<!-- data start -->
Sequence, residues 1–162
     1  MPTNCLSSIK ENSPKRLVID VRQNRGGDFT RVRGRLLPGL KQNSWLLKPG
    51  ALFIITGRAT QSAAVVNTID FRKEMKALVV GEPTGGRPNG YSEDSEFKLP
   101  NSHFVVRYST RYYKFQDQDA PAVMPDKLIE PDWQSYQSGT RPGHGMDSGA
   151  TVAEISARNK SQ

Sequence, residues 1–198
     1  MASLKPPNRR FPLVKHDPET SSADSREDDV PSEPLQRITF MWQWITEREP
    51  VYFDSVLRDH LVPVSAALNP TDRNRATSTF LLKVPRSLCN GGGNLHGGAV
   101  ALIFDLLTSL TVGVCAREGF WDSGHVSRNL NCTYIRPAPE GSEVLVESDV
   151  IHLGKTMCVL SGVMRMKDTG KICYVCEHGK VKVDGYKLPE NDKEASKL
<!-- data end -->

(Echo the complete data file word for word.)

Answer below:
Sequence, residues 1–162
     1  MPTNCLSSIK ENSPKRLVID VRQNRGGDFT RVRGRLLPGL KQNSWLLKPG
    51  ALFIITGRAT QSAAVVNTID FRKEMKALVV GEPTGGRPNG YSEDSEFKLP
   101  NSHFVVRYST RYYKFQDQDA PAVMPDKLIE PDWQSYQSGT RPGHGMDSGA
   151  TVAEISARNK SQ

Sequence, residues 1–198
     1  MASLKPPNRR FPLVKHDPET SSADSREDDV PSEPLQRITF MWQWITEREP
    51  VYFDSVLRDH LVPVSAALNP TDRNRATSTF LLKVPRSLCN GGGNLHGGAV
   101  ALIFDLLTSL TVGVCAREGF WDSGHVSRNL NCTYIRPAPE GSEVLVESDV
   151  IHLGKTMCVL SGVMRMKDTG KICYVCEHGK VKVDGYKLPE NDKEASKL